Brigitte Kieffer, PhD
6875 Boulevard Lasalle
Associated Researcher, Douglas Research Centre
The Kieffer laboratory is interested in G protein coupled receptors in mental health and disease. G protein coupled receptors (GPCRs) are major targets in biomedicine and show huge potential for psychiatric disorders. Our goal is to elucidate where and how GPCRs control neuronal signaling and functional connectivity in the living brain to regulate normal and pathological behavior. Towards this goal, we develop and study customized mice with targeted GPCR gene mutations (conditional knockout, knock-in). We develop pioneering approaches towards (i) unbiased behavioral phenotyping to challenge both neural processes and symptomatology, (ii) hyperresolutive non-invasive brain imaging in living animals that combines structural and functional Magnetic Resonance Imaging and (iii) cutting-edge molecular imaging of GPCR signaling in vivo using multiphoton microscopy to connect neuronal signaling with network activities. Emphasis is (i) on opioid receptors, to study reward processing and implication in addiction, depression and autism syndrome disorders, and (ii) selected orphan GPCRs (oGPCRs), whose functions in the brain remain unknown, for discovery programs.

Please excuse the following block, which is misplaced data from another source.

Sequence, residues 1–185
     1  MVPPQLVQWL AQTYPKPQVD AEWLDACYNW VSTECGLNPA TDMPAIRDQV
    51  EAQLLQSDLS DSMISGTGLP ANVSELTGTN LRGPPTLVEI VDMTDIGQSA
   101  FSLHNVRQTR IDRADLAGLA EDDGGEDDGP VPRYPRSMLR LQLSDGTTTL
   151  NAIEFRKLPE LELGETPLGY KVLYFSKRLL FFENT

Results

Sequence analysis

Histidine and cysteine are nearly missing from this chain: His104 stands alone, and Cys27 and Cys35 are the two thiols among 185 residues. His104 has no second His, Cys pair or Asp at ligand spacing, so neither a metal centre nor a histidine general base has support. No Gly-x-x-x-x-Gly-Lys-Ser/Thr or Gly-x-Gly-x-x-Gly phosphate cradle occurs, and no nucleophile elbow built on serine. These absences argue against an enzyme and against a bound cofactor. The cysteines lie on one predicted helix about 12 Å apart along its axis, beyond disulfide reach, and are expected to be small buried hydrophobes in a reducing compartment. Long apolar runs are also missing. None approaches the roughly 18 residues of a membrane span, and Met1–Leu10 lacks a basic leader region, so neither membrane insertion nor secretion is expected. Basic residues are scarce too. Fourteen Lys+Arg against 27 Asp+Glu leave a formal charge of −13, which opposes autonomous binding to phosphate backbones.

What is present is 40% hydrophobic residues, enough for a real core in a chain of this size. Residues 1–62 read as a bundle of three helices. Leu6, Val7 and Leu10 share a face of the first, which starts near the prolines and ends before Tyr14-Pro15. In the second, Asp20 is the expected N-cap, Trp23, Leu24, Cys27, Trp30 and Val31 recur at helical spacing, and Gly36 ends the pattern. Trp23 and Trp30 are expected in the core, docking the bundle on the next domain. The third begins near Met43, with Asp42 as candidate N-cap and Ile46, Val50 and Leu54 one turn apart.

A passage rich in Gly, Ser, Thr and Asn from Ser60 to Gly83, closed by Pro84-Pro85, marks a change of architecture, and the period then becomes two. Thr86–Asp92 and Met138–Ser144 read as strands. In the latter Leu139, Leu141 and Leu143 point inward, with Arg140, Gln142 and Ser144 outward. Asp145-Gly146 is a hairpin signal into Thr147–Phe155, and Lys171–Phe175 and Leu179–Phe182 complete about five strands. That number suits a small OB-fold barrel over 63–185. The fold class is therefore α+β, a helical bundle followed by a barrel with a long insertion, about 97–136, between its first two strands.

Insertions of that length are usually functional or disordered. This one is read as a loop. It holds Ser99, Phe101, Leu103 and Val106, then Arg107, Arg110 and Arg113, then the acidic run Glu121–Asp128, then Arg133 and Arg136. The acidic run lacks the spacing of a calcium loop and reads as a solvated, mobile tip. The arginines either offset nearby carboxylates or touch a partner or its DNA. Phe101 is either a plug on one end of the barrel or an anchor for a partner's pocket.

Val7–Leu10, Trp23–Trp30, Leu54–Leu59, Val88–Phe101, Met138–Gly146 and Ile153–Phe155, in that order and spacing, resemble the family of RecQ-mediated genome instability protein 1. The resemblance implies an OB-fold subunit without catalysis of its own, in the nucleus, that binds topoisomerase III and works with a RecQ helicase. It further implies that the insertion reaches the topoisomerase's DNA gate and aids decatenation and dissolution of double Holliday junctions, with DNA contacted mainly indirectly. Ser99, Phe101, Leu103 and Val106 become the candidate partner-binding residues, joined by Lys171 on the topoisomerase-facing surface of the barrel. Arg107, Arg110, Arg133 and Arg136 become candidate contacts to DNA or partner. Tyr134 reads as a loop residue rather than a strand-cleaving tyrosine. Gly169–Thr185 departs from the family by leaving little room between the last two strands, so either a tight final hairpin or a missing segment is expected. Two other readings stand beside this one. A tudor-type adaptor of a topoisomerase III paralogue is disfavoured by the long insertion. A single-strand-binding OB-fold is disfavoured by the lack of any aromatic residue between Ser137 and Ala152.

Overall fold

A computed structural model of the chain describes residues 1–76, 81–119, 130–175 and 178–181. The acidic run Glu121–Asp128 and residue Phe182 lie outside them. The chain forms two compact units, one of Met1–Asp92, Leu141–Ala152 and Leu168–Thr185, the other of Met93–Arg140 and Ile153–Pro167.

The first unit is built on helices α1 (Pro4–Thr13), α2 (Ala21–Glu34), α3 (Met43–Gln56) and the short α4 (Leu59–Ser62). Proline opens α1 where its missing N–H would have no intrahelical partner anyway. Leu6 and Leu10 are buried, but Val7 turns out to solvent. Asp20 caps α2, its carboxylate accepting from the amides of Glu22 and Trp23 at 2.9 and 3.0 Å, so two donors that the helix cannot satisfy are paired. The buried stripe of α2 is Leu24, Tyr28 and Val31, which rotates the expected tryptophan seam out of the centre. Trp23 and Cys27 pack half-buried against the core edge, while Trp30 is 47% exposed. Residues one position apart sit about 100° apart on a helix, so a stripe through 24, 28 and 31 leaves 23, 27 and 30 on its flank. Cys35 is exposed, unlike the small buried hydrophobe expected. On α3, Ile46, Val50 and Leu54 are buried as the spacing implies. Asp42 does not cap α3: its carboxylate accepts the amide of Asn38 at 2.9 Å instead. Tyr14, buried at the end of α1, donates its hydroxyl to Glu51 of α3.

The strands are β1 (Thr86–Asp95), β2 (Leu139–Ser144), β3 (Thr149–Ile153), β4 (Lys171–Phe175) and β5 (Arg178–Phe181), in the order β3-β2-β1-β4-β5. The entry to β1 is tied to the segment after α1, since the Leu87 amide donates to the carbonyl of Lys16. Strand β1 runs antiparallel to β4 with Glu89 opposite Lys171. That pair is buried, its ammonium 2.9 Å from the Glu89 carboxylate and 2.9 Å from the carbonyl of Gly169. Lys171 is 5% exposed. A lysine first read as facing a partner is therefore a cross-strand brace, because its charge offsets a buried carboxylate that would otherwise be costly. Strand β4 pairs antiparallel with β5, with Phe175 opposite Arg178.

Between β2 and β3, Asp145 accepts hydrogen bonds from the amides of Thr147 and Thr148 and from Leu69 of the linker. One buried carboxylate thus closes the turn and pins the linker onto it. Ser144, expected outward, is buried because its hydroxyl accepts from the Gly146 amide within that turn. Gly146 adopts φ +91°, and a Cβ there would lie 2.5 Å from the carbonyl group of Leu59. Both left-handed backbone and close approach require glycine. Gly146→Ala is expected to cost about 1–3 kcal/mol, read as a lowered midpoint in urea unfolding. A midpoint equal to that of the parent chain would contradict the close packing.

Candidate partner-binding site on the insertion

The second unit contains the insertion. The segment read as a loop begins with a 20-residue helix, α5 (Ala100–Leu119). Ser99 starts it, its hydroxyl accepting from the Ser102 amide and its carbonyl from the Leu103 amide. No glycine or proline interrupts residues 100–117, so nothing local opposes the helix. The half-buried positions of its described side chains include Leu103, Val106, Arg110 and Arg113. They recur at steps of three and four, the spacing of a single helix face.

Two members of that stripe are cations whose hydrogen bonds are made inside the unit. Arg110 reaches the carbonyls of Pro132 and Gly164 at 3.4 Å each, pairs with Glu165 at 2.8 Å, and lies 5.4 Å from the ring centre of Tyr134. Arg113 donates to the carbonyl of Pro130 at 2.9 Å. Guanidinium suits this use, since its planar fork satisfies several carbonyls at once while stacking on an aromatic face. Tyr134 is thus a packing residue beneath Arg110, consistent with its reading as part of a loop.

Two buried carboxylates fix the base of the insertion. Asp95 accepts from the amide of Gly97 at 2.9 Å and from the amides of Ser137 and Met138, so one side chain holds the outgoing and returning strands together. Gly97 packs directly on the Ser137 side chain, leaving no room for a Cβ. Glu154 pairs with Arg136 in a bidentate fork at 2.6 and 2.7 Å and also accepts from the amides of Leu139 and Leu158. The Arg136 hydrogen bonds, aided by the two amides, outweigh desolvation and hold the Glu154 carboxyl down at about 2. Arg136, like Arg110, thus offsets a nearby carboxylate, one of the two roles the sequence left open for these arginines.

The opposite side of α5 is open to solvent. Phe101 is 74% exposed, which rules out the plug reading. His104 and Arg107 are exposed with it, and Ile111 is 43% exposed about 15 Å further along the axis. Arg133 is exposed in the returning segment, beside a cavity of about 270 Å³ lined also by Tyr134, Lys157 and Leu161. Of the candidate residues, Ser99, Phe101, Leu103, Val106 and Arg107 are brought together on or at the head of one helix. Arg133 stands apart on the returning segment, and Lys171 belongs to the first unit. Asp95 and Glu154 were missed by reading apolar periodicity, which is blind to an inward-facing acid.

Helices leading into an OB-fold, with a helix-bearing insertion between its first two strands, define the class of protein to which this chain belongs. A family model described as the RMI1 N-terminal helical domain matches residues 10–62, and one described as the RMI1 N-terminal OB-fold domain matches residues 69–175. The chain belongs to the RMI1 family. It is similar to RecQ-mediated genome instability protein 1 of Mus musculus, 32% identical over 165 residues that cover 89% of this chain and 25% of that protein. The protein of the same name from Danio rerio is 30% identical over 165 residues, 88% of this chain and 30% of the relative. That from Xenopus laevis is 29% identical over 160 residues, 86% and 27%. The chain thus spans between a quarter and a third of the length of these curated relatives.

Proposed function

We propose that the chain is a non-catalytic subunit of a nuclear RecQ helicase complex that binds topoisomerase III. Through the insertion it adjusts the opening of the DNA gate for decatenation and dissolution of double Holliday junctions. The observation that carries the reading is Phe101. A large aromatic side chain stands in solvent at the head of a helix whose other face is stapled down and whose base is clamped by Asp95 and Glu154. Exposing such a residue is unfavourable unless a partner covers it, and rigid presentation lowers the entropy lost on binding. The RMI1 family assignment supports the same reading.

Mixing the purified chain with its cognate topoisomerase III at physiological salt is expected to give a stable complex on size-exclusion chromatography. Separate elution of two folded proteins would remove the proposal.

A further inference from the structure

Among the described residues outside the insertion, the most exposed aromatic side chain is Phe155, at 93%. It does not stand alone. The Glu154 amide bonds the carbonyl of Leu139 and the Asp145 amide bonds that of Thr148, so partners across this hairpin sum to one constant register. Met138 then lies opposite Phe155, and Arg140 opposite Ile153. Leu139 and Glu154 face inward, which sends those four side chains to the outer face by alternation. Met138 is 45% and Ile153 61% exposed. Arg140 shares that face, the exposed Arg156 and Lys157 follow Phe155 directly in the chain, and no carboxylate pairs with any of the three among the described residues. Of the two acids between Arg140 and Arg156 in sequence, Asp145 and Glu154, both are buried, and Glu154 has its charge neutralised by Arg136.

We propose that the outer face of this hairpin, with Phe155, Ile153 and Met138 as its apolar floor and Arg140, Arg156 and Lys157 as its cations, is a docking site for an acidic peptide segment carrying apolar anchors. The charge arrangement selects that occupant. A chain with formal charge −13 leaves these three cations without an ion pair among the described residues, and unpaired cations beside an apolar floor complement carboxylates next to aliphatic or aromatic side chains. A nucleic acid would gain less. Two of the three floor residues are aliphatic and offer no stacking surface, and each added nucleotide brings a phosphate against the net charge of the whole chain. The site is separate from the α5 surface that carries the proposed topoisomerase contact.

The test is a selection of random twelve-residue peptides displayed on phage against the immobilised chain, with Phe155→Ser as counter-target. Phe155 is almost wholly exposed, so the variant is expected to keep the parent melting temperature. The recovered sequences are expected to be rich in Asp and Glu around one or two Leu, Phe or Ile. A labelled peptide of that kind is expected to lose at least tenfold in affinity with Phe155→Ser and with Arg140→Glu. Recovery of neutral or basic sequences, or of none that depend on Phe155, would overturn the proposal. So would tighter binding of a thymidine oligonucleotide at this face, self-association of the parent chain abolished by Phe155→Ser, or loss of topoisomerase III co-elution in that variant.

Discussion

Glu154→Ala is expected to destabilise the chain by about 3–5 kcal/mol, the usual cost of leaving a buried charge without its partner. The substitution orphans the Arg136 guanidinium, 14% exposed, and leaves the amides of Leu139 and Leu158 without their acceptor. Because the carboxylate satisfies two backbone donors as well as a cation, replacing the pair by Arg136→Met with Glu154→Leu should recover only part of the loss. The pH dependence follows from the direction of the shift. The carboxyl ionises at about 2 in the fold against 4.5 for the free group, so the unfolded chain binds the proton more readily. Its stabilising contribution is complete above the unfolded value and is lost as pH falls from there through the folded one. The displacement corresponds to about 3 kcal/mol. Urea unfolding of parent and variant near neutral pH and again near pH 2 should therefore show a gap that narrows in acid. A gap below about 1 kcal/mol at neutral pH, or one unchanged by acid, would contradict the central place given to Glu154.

B. L. Kieffer is Professor at the Dpt Psychiatry, McGill University and the Scientific Director of the Douglas Mental Health Research Center in Montréal since 2014. She also is Professor at the Université de Strasbourg France, where she developed most her past research activity (IGBMC, one of the leading European centres of biomedical research). She has isolated the first gene encoding an opioid receptor, opening an entire research field towards understanding the molecular basis of opioid-controlled behaviors. Her genetic dissection of the opioid system has brought major advances in pain, addiction and mood disorders research, as well as in the area of molecular pharmacology and G protein coupled receptor research. She has developed and shared exquisite genetic tools worldwide, and has developed innovative research lines with strong impact in neuroscience and biomedical research. She has received numerous awards, including the Lounsbery (French and US Academies of Science) and the Lamonica Award of Neurology (French Academy of Science). In march 2014, she also received the International L’OREAL-UNESCO Award for Women in Science (European Laureate). She became an EMBO (European Molecular Biology Organization) member in 2009 and was elected as a member of the French Academy of Sciences in 2013.